Risk Management

Emerging Markets Raise Added Fraud Risk

Of companies that assess fraud risk before entering a new market, one in five decides not to move forward, according to a new survey
Stephen TaubJune 19, 2006

Emerging markets may offer the greatest prospects for growth, but according to a new report, those markets also present the greatest risk of fraud.

In a global fraud survey by Ernst & Young, 60 percent of respondents said they perceive a greater threat in their emerging market operations than in their developed markets. E&Y also noted that 40 percent of companies still have no formal or documented anti-fraud policy, a percentage hardly changed since the firm’s previous fraud survey, in 2003.

For this latest survey, the firm conducted telephone interviews earlier this year with 586 senior executives — including chief executive officers, chief financial officers, chief risk officers, internal audit directors, and business unit directors — across 19 countries.

“Companies who do business overseas are increasingly concerned about risks in emerging markets,” noted Ernst & Young partner Dale Kitchens, in a statement. “But to defeat or mitigate such fraud, they need a more programmatic, comprehensive approach.”

Among the multinational companies tripped up by overseas operations:

• Xerox, whose accounting scandal began in 2000 as an investigation of accounting practices at its Mexican operations

• United Parcel Service, which is investigating possible violations of the Foreign Corrupt Practices Act based on its acquisition of a freight forwarding business from Fritz Companies

• DaimlerChrysler, which dismissed or suspended several employees after determining that “improper payments” were made in Africa, Asia, and Eastern Europe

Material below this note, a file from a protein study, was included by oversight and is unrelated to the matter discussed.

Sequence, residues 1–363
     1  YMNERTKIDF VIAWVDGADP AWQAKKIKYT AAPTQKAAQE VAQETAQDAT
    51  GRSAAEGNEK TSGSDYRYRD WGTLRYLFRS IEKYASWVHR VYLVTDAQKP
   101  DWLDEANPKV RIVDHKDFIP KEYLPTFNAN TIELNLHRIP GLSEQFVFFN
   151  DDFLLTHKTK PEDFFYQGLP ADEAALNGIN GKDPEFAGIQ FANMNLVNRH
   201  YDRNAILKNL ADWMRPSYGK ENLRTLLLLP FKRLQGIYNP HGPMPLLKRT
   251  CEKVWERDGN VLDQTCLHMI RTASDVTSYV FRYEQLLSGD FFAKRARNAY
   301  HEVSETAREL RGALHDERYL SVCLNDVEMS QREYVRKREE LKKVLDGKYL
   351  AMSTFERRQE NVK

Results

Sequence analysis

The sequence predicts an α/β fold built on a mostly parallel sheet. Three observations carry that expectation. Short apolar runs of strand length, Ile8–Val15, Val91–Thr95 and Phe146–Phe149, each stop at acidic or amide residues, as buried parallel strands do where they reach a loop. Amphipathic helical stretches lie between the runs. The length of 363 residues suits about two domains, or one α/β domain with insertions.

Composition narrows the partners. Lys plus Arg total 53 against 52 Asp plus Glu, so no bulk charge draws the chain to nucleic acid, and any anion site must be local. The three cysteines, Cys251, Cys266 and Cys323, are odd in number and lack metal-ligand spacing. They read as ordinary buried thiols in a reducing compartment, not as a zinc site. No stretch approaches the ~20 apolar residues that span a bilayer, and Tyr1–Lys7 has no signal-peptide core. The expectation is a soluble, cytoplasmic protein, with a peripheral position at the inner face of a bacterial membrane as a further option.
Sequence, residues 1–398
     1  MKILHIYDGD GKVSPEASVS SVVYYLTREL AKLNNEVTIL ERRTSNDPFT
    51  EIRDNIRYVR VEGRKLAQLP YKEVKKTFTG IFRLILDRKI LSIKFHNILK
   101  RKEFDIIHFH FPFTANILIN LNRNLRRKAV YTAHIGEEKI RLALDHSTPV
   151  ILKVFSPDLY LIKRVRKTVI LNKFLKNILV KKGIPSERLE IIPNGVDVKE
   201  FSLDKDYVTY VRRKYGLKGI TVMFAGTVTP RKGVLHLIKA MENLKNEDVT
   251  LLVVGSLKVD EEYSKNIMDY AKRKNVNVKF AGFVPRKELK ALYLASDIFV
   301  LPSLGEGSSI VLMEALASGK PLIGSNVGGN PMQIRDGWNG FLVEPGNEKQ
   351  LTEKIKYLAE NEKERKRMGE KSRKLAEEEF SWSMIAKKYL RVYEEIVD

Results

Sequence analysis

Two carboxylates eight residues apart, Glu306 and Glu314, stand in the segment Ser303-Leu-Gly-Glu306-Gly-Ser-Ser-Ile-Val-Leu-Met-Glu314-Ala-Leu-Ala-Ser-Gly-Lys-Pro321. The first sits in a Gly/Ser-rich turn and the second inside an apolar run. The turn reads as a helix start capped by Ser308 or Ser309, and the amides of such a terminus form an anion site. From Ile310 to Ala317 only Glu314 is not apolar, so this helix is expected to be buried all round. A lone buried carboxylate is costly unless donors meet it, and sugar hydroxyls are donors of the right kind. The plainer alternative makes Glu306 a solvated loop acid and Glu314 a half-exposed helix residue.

• Titan, which agreed to plead guilty to criminal and civil charges and pay $28.5 million in fines stemming from payments to a presidential election campaign in Benin

• Halliburton, which disclosed that the Department of Justice and the Securities and Exchange Commission are looking into possible bribery of officials in Nigeria.

E&Y maintained that according to its survey, respondents with formal worldwide anti-fraud policies were overwhelming most likely to decline a potential investment following a thorough assessment of the fraud risks. Of companies that do assess fraud risk before entering a new market, one in five decides not to move forward, the firm noted.

“Companies without a fraud assessment policy run much higher risk in entering a new market than those that do,” said Kitchens, in a press release. “If you’re assessing fraud risk up front, you better appreciate what the new investment could mean. If you don’t have anti-fraud policies, your chance of losses is predictably higher. And fraud risk is particularly acute in emerging markets.”

The survey also found that robust internal controls remain the first line of defense against fraud for companies in all markets. However, anti-fraud controls are not always integrated into an anti-fraud program and monitored for compliance.

4 Powerful Communication Strategies for Your Next Board Meeting